WATCH: The Sturmgewehr MP-44

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The MP-43 (which is mechanically identical to the MP-44 and Sturmgewehr 44; the differences are the subject for another video later) is a tilting bolt rifle with a long stroke gas piston. It was manufactured primarily from complex sheet steel stampings, as a way to minimize the amount of high-quality and thus difficult to acquire steels needed for its construction. The rifle is heavy by today’s standards, but remarkably ergonomic (except for the metal handguard, when heats up quickly). Its sights come right up to the eye when shouldering the rifle, and it disassembles quickly and easily.

It really is one of the best small arms developed during World War II.

The Sturmgewehr was the result of a German intermediate cartridge development program that began in the mid-1930s. It was sidelined for a period as the focus of German Ordnance shifted to full-power rifles in 8x57mm with telescopic sights, but as the German fighting in Russia became more desperate, many Ordnance officers realized that the greater firepower offered by the Sturmgewehr concept was one of the few options that might be able to allow depleted German units to effectively hold ground against Russian attacks.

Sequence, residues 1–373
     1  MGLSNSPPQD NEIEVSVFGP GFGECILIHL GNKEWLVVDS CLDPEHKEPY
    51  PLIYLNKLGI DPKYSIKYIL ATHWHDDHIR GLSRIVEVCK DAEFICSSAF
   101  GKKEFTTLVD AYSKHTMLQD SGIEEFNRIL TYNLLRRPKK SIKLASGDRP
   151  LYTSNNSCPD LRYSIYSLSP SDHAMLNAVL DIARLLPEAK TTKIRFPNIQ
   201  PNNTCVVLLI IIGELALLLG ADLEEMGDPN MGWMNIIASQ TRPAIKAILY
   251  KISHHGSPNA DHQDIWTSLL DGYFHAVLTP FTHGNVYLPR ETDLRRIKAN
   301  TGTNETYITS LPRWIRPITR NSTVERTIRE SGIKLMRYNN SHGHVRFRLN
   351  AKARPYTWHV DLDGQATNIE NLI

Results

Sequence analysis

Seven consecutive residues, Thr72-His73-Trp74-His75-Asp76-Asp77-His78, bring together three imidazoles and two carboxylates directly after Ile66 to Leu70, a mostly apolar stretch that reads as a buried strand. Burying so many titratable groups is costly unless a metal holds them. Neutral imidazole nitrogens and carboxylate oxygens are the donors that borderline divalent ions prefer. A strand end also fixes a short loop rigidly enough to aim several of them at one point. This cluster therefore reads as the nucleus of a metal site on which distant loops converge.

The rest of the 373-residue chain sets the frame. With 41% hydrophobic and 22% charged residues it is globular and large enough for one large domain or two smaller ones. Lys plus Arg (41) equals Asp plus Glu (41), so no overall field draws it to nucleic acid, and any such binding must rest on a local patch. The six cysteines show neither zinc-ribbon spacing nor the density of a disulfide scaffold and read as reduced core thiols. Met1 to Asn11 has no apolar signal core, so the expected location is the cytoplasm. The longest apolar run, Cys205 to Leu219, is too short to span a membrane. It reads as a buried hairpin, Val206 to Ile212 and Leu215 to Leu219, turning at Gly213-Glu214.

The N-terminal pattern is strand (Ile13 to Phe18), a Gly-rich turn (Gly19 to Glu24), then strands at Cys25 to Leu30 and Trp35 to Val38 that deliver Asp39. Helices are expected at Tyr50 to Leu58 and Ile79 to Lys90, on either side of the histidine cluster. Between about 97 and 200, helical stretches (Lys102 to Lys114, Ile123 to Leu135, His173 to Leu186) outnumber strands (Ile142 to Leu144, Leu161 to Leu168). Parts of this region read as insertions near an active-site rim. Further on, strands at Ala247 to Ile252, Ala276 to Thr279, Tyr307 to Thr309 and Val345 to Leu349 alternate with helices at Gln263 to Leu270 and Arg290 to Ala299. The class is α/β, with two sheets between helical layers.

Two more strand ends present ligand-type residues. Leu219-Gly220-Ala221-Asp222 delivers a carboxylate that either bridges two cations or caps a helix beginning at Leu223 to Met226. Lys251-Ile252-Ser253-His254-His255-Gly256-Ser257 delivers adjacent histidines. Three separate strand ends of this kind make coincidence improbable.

To this end, the guns were issued primarily in the East, with whole companies being equipped in order to focus a maximum amount of firepower, rather than spreading the new rifles piecemeal across all units. Ultimately, of course, this was insufficient to prevent the growing Soviet advance – but for the individual German soldier, an MP-43/44/StG-44 would have been a much more comforting weapon than a Kar98k Mauser!




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About Author

Ian McCollum is a self-described professional gun nerd, passionate about firearm design, manufacture, history, and practical use. He is always looking for rare, experimental, and unusual firearms to learn about, and loves sharing that interest with others.

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